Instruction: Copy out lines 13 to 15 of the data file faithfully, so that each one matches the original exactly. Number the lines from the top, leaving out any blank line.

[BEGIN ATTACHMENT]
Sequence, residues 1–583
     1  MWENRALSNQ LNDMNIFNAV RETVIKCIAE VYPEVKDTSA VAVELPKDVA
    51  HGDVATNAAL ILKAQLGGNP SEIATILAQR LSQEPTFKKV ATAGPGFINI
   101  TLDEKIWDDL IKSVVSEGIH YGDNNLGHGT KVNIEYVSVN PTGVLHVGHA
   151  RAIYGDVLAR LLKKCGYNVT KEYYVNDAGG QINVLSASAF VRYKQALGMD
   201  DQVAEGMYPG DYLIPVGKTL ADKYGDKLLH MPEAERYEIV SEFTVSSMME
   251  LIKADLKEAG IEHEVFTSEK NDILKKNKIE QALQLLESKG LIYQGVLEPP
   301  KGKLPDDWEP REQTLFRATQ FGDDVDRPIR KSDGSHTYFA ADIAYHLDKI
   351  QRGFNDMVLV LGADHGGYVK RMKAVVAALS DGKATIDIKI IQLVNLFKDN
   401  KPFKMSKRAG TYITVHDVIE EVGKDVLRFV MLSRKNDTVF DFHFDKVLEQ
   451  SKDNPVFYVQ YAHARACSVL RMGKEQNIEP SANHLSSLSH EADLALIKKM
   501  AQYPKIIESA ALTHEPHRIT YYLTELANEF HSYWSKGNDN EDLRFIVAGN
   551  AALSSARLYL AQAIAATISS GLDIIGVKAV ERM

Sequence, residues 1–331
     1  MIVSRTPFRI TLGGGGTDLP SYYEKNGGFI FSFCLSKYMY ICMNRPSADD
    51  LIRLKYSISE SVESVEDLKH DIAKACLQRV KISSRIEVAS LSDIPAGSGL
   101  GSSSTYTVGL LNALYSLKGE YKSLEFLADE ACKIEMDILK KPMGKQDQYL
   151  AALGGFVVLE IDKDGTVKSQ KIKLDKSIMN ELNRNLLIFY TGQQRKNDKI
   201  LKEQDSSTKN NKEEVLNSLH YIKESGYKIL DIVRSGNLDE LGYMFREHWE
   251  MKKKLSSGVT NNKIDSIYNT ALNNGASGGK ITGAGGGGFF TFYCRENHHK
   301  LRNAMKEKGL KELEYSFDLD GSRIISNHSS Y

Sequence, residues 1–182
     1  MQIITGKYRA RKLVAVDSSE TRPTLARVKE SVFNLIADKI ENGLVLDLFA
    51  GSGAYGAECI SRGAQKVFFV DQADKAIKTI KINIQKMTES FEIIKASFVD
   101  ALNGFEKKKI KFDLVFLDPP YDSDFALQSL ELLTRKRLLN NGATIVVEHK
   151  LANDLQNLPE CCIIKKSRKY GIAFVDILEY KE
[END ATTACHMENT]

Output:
   551  AALSSARLYL AQAIAATISS GLDIIGVKAV ERM

Sequence, residues 1–331
     1  MIVSRTPFRI TLGGGGTDLP SYYEKNGGFI FSFCLSKYMY ICMNRPSADD